In-country representation key to wine success in Asia

Attracting younger wine drinkers and in-country representation is key to success in Asia, says research commissioned by Messe Düsseldorf, the company behind ProWein.

In a study named Asia – Opportunities in China and Beyond, carried out by Wine Intelligence, China was identified as the market that will be most attractive over the next five years.

The research advises the wine industry to also take advantage of opportunities in Japan, South Korea, Singapore and Taiwan.

The five markets differ substantially, it said, and added that it would be a mistake for the wine industry to consider Asia as a single cultural entity.

Richard Halstead, chief operating officer at Wine Intelligence, said: “The wine producers who will achieve the biggest success will be the ones who not only understand these trends but actually establish a physical presence in their target markets.

“It’s not possible to access the markets in China, Japan, South Korea, Singapore or Taiwan from an office outside those countries.”

Another trend is towards “every day, affordable imports” in Asia as wine “gets away from its image of being purely a luxury product and becomes more attractive to younger consumers”.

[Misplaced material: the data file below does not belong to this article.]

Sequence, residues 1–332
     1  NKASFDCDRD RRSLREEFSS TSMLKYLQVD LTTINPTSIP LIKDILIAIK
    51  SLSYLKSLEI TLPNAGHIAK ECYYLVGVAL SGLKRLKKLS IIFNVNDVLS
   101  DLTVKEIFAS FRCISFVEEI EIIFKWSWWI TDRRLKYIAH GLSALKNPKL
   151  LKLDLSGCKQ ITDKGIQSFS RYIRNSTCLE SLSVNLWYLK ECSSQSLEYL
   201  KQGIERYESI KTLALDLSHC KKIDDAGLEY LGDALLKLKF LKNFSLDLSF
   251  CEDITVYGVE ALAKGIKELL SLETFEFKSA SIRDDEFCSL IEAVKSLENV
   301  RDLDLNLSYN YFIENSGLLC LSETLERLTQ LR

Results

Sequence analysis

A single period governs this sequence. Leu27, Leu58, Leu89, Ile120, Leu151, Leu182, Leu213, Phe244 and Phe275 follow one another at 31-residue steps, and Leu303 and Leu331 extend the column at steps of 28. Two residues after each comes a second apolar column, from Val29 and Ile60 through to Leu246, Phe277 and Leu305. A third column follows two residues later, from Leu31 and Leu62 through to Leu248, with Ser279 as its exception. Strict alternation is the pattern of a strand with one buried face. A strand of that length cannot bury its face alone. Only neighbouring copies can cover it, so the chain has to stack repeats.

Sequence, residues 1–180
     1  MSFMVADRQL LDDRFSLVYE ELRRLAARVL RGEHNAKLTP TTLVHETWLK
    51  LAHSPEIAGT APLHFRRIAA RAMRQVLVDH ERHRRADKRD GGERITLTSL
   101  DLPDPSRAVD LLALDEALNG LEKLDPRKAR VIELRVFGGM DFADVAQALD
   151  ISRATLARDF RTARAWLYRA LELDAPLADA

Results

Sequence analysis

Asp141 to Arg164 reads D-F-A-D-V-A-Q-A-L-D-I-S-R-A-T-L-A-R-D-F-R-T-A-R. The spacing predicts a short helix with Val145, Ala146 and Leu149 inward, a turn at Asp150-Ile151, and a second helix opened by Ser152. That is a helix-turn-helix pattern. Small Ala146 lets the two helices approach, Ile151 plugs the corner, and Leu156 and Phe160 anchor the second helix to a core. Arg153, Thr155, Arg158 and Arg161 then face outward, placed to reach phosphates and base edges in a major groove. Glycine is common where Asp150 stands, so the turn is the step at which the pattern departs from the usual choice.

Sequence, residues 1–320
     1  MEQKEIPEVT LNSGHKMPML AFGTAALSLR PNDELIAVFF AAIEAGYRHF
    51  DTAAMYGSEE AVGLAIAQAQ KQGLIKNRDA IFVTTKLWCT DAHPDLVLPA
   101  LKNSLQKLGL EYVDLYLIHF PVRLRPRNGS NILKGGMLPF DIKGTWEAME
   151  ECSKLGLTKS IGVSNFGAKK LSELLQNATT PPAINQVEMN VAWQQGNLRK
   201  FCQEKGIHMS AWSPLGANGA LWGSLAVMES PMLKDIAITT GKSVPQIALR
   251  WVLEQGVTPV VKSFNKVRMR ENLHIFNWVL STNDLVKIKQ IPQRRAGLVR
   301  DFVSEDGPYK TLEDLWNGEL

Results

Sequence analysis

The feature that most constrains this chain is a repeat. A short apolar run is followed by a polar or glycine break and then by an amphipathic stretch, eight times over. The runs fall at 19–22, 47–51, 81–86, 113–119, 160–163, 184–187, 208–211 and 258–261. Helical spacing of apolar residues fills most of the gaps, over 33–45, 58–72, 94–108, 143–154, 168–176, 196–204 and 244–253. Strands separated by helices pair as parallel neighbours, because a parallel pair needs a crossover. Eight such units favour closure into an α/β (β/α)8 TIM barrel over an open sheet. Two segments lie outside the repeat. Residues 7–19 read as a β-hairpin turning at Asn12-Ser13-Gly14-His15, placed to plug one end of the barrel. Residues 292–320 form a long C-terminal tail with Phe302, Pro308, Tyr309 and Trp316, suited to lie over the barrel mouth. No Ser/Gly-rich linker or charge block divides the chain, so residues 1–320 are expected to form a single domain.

Wine Intelligence found that the on-trade is often the best way to target consumers.

Improved ranges of wine in Chinese supermarkets and more affordable pricing should also see the number of imported wine drinkers increase well beyond the current 19 million, the research said.

In Japan, much of the market growth is being driven by the off-trade, as consumers turn away from the on-trade for economic reasons, while in South Korea growth is coming from younger people,  reported Wine Intelligence.

Singapore is the smallest of the five countries the research covered but it was noted that brand identity and high volumes are the key to success in this geographically limited market.

Taiwan was referred to as “a more problematic market for wine exports than the other Asian countries”.

Barriers in Taiwan include a ban on internet sales, high taxes and few English language speakers. The high price of wine and lack of female drinkers are also said to be factors that limit opportunities.